On Feb. 3, 2013, in the middle of Super Bowl XLVII, millions of Americans saw something that disappeared from the TV airwaves more than 40 years ago: a commercial for a smoking product.
The ad was a shock, because Federal Trade Commission banned traditional cigarette advertising on TV in 1971. However, the NJoy King that was in the commercial isn’t a cigarette; it’s an electronic cigarette.
American Cancer Society (ACS) and American Lung Association (ALA) condemned the commercial for glamorizing smoking, but no FTC regulations exist regarding e-cigarette advertising. For that matter, no federal regulations exist regarding e-cigarettes, period. Food & Drug Administration proposed regulations in April 2014 that would limit the sale of e-cigarettes and produce more product transparency, but those rules won’t go into effect until 2015 at the earliest.
One point was made clear by the Super Bowl ad: E-cigarettes were more than a fad. They were officially big business, vying for advertising time and sales alongside the largest companies in the world.
E-cigarettes have been around, but it wasn’t until 2006 that they began to catch on in the United States. Today, about 200 e-cigarette brands exist in the U.S. marketplace. E-cigarettes (and e-cigars and e-hookahs) come in a variety of designs, but they all contain the same basic components: a small reservoir that holds a liquid mixture of ingredients that’s called e-liquid, a heater and a battery. Instead of burning tobacco leaves, an e-cigarette heats up e-liquid into a vapor that’s inhaled and exhaled. E-liquid is composed of propylene glycol (a chemical used in fog machines) or vegetable glycerin (a thickening agent used in food and medicine). It typically also contains nicotine. E-liquid comes in a variety of flavors. Because no smoke is emitted, users call themselves “vapers” instead of smokers.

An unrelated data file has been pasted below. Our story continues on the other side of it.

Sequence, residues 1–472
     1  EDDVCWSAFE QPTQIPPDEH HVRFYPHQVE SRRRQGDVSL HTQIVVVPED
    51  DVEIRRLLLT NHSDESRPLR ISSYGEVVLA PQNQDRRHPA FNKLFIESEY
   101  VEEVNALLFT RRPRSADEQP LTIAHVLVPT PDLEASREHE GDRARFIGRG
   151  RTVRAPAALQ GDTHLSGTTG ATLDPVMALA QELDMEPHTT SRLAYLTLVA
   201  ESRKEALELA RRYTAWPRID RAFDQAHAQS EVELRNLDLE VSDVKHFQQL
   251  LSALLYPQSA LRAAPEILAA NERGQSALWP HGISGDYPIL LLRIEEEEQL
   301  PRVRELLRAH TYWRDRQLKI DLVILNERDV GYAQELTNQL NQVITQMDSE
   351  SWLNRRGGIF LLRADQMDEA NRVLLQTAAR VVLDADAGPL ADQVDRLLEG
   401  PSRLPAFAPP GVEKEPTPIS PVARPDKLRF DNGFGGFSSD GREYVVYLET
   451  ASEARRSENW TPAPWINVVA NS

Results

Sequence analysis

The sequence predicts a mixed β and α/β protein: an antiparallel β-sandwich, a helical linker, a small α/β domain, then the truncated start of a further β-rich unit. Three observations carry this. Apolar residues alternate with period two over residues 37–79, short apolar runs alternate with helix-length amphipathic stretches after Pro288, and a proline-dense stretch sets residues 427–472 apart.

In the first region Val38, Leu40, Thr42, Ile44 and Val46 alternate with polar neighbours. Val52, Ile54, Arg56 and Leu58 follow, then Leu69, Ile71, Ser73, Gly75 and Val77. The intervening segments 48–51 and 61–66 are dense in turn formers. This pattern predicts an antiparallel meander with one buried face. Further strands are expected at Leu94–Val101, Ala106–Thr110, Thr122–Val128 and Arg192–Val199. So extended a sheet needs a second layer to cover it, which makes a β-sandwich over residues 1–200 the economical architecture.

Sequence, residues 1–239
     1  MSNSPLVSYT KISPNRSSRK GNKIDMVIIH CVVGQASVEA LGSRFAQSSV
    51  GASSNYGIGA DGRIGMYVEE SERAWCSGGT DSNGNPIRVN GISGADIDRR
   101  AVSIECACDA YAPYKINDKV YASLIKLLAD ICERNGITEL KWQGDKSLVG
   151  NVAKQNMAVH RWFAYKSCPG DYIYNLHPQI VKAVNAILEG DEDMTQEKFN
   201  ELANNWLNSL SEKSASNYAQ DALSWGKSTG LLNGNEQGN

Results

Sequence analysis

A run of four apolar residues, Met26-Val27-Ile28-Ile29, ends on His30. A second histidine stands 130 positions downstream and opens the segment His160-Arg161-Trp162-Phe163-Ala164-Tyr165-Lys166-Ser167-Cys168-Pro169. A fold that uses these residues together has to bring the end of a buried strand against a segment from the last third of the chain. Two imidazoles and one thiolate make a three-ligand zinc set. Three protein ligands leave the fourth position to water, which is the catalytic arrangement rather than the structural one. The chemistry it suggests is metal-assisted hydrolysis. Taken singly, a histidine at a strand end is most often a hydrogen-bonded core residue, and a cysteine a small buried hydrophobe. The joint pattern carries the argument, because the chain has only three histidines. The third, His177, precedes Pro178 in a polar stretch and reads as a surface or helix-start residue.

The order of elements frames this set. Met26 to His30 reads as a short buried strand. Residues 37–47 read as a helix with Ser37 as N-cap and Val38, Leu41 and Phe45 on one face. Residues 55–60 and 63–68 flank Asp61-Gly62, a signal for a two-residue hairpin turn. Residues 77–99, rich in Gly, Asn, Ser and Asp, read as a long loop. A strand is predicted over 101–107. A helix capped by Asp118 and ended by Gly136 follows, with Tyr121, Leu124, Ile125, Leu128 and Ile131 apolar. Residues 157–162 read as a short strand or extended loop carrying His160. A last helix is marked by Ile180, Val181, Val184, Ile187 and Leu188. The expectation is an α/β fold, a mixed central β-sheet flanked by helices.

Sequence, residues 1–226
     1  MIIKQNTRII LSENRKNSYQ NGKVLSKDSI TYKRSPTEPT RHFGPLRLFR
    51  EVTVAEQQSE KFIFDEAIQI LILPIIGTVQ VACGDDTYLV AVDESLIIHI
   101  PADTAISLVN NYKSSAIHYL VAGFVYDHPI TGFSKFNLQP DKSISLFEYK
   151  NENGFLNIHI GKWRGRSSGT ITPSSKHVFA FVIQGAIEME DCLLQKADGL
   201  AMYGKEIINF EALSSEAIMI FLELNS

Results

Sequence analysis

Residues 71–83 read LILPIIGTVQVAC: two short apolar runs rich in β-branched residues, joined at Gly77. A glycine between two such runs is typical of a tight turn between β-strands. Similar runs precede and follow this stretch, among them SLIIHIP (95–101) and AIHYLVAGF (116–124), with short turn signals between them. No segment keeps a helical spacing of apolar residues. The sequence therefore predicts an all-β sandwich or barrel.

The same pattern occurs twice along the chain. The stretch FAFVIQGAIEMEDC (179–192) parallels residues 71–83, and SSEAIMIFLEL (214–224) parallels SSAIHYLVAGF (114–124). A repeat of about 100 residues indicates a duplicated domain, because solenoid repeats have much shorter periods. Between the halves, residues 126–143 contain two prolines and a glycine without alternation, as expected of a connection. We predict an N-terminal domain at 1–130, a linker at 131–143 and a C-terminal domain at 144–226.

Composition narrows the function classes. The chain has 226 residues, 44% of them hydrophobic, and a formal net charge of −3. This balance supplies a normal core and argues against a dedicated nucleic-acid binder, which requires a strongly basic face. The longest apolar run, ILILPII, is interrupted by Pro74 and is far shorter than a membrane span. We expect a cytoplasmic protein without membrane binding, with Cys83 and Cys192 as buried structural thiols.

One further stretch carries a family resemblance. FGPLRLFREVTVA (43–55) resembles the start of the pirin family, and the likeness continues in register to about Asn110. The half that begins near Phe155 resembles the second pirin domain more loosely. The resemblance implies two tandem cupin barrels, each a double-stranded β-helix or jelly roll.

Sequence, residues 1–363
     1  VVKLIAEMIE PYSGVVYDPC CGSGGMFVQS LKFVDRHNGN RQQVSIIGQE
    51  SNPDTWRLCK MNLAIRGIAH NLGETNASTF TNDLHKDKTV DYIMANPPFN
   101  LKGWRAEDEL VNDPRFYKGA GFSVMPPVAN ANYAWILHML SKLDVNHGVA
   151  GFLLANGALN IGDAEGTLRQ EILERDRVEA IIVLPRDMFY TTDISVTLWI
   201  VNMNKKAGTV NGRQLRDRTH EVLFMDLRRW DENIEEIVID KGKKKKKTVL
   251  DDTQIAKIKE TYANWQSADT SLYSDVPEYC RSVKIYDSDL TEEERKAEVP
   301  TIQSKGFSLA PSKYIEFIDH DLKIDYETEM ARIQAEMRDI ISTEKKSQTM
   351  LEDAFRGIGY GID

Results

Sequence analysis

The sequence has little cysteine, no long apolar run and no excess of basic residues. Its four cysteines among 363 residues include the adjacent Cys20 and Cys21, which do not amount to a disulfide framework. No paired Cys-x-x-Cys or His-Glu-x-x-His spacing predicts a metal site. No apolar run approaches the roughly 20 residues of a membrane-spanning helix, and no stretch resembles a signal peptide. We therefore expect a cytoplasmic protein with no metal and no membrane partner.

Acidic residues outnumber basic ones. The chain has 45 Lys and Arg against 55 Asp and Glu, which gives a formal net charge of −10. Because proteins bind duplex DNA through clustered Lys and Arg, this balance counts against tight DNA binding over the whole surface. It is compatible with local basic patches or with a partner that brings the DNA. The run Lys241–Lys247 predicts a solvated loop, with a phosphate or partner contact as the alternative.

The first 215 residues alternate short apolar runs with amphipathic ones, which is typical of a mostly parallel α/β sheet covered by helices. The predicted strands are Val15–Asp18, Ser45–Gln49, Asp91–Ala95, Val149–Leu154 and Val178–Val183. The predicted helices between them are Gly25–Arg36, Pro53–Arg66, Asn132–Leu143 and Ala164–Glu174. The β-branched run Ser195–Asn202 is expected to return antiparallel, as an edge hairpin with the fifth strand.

An e-cigarette starter kit, which typically includes a battery, a charger and an e-liquid cartridge, costs $30–$100, depending on whether it includes more than one rechargeable battery. A replacement e-liquid cartridge typically costs $9–$13 and provides 200–400 puffs before it must be replaced. It costs $600–$700 for a year’s worth of replacement cartridges to equal a pack-a-day tobacco-smoking habit, according to Tobacco Vapor Electronic Cigarette Association, which is an industry group.
A February 2014 Bloomberg study says the U.S. e-cigarette market hit $1.5 billion in sales in 2013. By 2015, U.S. sales are expected to reach $5 billion, Bloomberg predicts. By 2028, e-cigarettes will be a $56 billion industry, Bloomberg believes. That would represent 20 percent of a combined tobacco-product/e-cigarette market in the United States. An even more optimistic analysis by Wells Fargo predicts that in less than 10 years, the three largest tobacco companies—Altria Group, Lorillard and Reynolds American—will rake in more revenue from e-cigarettes than they will from cigarettes.
E-Cigarette Batteries: Too Much Juice
Some public-health experts tell us that e-cigarettes have the potential to cut down on the number of people who smoke cigarettes.
“It’s the first product in 100 years that has a half a chance of making cigarettes obsolete in 10 years—if everyone plays their cards right,” says David Abrams, who is the executive director of Schroeder Institute for Tobacco Research & Policy Studies at American Legacy Foundation, which is a public-health nonprofit organization.
However, other public-health experts tell us that e-cigarettes are a gateway drug to tobacco. No mandatory manufacturing standards exist for e-cigarettes. Nothing requires manufacturers to post an ingredient list. Consumers have no way to know what e-cigarettes contain besides nicotine. Furthermore, the newness of e-cigarettes means that the long-term effects of using e-cigarettes are unknown. Some short-term health problems, such as mild throat and lung irritation, have been reported, but 7 years isn’t enough time to perform studies on the long-term health effects of the products, experts tell us.
“I’ve been involved in tobacco control for 35 years, and this is the single most disruptive technology and difficult issue we’ve had to deal with,” says Thomas Glynn, who is the director of cancer science and trends at ACS.